Dear Medical Student: Letter to a Third Year - Medical School Clerkship Advice

Anna Piazza - Jul 15, 2021
Medical students in blue scrubs and white coats huddle together during one of their third year clerkships.

What med school clerkships are like

It can be nerve-wracking on the wards, especially when you’re just starting with third year medical school clinical rotations. But, despite the practical inexperience, at this early stage, you already have a valuable asset to offer both patients and the teams you work with. Third year resident at Duke University in Anesthesiology Reade Tillman has been there and offers her med school clerkship advice
and encouragement to all MS3 students.

(An original version of this letter was published in the University of Colorado's collection Letters to a Third Year).

Dear MS3,

Nothing you do is billable.

You will meet the patient and ramble through your interview, inevitably missing some important information. You will do an exam semi-properly and get an adequate idea of what’s going on with the patient—not perfect, but adequate. Your problem list will include some lab aberrancies that really don’t matter and you might miss some warning signs that actually do. You’ll suggest a disposition without much context for understanding what the patient’s course will be. If you’re a gunner, you’ll even add some evidence-based medicine tidbits from the latest New England Journal of Medicine article, getting a nod of approval from your attending.

However, the stakes attached to your work will continue to be low. Best case scenario, the patient gets good care that takes a little longer than usual and you get a positive evaluation. If you do poorly, they’ll still get good care, though your evaluation might suffer. Chances are, you’ll get into residency anyway. The medical education system is designed to protect patients from, well, you.

There is one unique way, however, in which you can benefit the patient and care teams: nothing you do is billable. You aren’t thinking about how to code wisely or how to get enough reimbursement for the work you’re doing, and your paycheck won’t go up if you do more procedures. Insurance status is irrelevant for your learning. Time spent counseling, listening, explaining, or understanding isn’t less valuable. In fact, time might be the most valuable thing you have to offer. In two, ten or twenty years, you won’t have the luxury of listening to your patient talk until they run out of words; there will be too many other tasks, responsibilities, and priorities vying for your attention. For this finite period, you have the golden gift of time.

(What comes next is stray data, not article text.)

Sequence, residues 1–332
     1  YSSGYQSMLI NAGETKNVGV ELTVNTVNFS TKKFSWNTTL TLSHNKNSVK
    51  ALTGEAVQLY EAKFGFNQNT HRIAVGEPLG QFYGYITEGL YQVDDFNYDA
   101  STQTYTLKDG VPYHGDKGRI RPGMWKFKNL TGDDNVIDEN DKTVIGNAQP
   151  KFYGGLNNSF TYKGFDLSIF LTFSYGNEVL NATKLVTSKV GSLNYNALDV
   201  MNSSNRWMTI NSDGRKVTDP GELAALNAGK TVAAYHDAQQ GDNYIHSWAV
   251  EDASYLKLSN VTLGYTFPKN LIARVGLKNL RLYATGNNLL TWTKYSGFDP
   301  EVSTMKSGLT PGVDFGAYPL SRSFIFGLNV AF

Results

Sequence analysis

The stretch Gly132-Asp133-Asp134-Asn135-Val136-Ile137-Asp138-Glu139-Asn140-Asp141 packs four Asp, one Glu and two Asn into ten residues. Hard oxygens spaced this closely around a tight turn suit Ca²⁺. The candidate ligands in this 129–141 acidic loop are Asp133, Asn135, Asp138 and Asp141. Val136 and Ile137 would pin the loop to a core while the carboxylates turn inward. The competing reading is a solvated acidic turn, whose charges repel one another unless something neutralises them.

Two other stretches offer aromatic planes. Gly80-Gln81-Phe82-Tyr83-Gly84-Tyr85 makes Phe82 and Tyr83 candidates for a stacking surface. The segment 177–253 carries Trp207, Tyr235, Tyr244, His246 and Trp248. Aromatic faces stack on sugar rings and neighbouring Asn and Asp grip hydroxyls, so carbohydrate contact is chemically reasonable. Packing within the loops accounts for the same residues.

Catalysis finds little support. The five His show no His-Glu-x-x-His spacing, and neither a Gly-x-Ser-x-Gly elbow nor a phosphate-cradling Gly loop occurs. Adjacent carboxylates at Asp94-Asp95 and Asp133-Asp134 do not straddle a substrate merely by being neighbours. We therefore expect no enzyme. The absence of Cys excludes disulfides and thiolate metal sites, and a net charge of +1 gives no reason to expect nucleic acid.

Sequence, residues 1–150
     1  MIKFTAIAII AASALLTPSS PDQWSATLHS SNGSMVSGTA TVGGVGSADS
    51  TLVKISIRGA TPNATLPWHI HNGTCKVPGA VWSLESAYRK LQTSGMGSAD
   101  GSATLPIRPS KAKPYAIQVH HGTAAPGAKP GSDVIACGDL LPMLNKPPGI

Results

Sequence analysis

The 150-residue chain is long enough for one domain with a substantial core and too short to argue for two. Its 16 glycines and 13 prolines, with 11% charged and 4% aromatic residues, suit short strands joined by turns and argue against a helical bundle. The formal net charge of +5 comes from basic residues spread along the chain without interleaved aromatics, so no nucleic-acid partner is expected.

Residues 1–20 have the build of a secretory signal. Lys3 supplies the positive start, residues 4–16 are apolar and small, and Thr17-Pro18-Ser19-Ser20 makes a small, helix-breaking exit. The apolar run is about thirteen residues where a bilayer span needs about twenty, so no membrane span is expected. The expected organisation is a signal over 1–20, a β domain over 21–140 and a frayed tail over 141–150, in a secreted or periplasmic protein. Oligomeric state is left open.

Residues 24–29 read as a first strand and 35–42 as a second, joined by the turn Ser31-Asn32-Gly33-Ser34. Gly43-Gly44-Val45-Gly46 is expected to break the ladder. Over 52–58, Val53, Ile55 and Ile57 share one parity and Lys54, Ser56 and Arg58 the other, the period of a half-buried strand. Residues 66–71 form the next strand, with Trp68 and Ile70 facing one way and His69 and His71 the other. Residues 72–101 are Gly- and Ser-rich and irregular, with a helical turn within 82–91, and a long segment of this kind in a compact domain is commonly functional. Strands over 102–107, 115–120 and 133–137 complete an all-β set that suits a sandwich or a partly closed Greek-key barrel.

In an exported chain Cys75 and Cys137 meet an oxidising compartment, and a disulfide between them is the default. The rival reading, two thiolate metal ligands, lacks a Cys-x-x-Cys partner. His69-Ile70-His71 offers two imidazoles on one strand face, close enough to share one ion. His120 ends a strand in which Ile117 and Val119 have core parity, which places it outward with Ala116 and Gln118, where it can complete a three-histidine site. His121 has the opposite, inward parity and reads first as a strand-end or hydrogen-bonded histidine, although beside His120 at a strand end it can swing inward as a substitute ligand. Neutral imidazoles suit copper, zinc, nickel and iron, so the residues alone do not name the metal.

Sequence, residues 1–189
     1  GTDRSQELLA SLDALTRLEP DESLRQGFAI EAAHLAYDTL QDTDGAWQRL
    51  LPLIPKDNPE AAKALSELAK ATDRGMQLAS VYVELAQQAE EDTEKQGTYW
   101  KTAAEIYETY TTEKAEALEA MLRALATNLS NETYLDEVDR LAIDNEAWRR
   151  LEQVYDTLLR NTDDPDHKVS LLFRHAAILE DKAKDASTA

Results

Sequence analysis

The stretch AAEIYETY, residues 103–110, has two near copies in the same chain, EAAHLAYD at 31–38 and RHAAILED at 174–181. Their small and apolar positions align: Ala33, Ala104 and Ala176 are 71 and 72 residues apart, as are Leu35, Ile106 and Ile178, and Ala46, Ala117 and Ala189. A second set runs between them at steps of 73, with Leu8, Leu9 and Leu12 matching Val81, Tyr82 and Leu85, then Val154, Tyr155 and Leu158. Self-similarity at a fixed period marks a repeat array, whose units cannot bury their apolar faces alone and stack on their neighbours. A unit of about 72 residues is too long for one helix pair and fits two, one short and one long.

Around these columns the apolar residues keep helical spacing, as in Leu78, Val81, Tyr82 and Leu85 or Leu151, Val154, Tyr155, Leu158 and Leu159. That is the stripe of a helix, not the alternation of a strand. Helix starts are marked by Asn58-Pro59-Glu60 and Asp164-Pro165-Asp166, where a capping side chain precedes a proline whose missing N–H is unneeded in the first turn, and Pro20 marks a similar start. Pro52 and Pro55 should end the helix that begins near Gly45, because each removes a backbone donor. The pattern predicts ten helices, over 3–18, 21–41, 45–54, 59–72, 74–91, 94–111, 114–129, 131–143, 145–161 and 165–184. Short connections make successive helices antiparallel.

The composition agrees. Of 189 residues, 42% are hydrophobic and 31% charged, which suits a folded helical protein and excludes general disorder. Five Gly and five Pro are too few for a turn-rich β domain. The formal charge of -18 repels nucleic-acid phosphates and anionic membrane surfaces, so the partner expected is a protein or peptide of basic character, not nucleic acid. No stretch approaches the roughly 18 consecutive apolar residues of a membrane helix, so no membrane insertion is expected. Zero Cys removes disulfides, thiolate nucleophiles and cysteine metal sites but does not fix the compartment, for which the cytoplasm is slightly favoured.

So, leverage it. Take an extra twenty minutes to round on that patient who has no visitors. Call that kid’s mom who missed rounds because she had to work. Stop by the older veteran’s room and listen to his stories one more time. Ask some extra questions about what your patient does for fun. Learn a few words in that foreign language so you can greet them in their native tongue. Stop by after rounds to see if the patient’s family had any questions that weren’t answered and explain the treatment plan for the fifth time—maybe it’s the fifth time that sticks. Familiarize yourself with community resources that can help support your patients’ health in a myriad of ways, for those with disabilities, for overwhelmed new parents, for those struggling with a new terminal diagnosis, for those lacking transportation, for those battling addiction. Suddenly, leveraged time could make a difference and improve outcomes; you become an asset, instead of a burden, to the care team. You are offering patients something that no one else can, not even future you.

Nothing you do is billable. So make the most of it.


Reade Tillman


Get equipped before you scrub in! Organize a 30min online Clerkship Bootcamp session here.


Reade Tillman, who is a third year resident at Duke University in Anesthesiology, planning on completing fellowships in Critical Care and Regional Anesthesia, sits outside in the middle of a rural country landscape, smiling at the camera.



Reade Tillman is a third year resident at Duke University in Anesthesiology, planning on completing fellowships in Critical Care and Regional Anesthesia. When she’s not working, she enjoys international travel, crossword puzzles, being the “fun aunt” and having knee surgeries.